Medical ICU at Emory University Hospital receives Beacon Award for critical care nursing excellence
Woodruff Health Sciences Center | Feb. 10, 2014
Emory University Hospital's Medical Intensive Care Unit (or MICU) has been granted a Beacon Award for Excellence - Silver Level, for exceptional nursing and patient care in the critical care setting. Created by the American Association of Critical-Care Nurses (AACN), the award is intended to recognize individual units that distinguish themselves by improving every facet of patient care.
For patients and their families, the Beacon Award signifies outstanding care through improved outcomes and greater overall satisfaction. For critical care nurses, the Beacon Award means a positive and supportive work environment with greater collaboration between colleagues and leaders, higher morale and lower turnover.
"Our critical care staff has been working diligently for over two years to enhance the care given by our nurses, which in turn, leads to better clinical outcomes for our patients," says Ray Snider, RN, MSN, CCRN, unit director of the Medical ICU at Emory University Hospital (EUH). "We have also improved upon our commitment to our staff in providing a supportive work environment, which includes shared-decision-making with other disciplines, combined with positive reinforcement and recognition."
The Beacon Award for Excellence acknowledges top U.S. hospital units that employ evidence-based practices to improve patient and family outcomes and align those practices with AACN's Healthy Work Environment Standards. Silver-level recipients demonstrate continuous learning and effective systems to achieve optimal patient care.
AACN's criteria for the Beacon Award of Excellence incorporates the following:
- Leadership structures and systems
- Appropriate staffing and staff engagement
- Effective communication, knowledge management, learning and development and best practices
- Evidence-based practice and processes
- Patient outcome measurement
The MICU at Emory University Hospital is a 14-bed critical care unit, which is comprised of two units on separate floors under the direction of a single leadership team. Approximately 60 employees work in the unit, 48 of which are registered nurses. Over 50 percent of those RN's are certified in critical care nursing.
Patients admitted to this unit have diagnoses of: flu, pneumonia, severe sepsis, multi-system organ failure, acute respiratory distress syndrome, pulmonary hypertension, cystic fibrosis, lung transplants with complications, acute or advanced liver/kidney disease, active bleeding and cancer complications, to name a few.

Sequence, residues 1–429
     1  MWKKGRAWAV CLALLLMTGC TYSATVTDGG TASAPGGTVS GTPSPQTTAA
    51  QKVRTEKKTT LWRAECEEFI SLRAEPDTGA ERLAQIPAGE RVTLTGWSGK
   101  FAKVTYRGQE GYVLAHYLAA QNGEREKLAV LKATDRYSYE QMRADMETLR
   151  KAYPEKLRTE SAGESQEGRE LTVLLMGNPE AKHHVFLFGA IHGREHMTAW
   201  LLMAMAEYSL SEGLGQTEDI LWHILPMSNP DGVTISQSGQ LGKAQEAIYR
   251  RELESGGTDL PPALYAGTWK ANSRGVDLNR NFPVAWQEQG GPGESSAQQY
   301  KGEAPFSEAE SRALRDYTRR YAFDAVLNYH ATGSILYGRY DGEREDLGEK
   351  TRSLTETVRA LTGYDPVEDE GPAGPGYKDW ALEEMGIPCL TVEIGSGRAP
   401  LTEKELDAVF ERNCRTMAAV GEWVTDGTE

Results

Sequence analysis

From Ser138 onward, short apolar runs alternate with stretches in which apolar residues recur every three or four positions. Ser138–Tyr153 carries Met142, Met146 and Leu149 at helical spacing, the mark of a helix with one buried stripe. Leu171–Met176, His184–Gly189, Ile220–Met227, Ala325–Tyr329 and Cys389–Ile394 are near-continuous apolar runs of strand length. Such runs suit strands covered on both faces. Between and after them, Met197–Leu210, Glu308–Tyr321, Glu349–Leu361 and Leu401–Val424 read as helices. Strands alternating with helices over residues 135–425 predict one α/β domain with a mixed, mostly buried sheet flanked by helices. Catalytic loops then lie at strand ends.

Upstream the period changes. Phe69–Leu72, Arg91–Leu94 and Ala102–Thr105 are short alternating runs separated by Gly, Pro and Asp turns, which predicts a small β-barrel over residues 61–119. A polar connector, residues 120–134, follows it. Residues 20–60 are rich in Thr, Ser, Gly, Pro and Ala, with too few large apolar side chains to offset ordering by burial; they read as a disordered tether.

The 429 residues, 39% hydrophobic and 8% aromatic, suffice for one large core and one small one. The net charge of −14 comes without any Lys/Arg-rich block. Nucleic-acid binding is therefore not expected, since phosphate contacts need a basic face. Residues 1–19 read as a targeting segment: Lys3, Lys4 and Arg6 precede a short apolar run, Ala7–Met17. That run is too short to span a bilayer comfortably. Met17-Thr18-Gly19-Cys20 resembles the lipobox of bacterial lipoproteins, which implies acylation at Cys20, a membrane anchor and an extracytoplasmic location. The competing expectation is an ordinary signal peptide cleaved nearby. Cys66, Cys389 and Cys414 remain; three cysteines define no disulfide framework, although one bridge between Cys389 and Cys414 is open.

"Because our nursing staff cares for such complex, critically-ill patients, providing the support the staff needs to effectively do their jobs is extremely important," says Carolyn Holder, MN, APRN-BC, CCRN, CCNS, clinical nurse specialist for critical care and pulmonary medicine in the EUH MICU. "We rely on resources such as pastoral services to speak with our staff and offer debriefings to assist them in coping with caring for these extremely sick patients and their families. This support provides a healthy work environment for our staff, aimed at preventing moral distress."
Nurses in the MICU are also encouraged to participate in patient and family and team meetings, Ethics Grand Rounds, Schwartz Rounds (an interdisciplinary dialogue when caregivers listen to a case or topic and share their experiences and thoughts on the subject) and the annual Emory Healthcare Quality Conference.
"We are committed to working together, and across other disciplines, to achieve evidence-based excellence in patient care, training, mentoring, recruitment and retention at Emory, for the best possible outcomes for our patients," says Pam Cosper, MSN, RN, NEA-BC, specialty director for critical care at Emory University Hospital. "I am extremely proud of our entire MICU staff for their never-ending dedication to our patients, and each other."
The Neuroscience ICU at Emory University Hospital received the Beacon Award last year. Each designation lasts for three years. Four of the five critical care units at Emory University Hospital have received or currently hold Beacon Awards.
The Beacon Award announcement comes on the heels of Emory University Hospital's recent achievement as a Magnet-designated facility, also for excellence in nursing standards.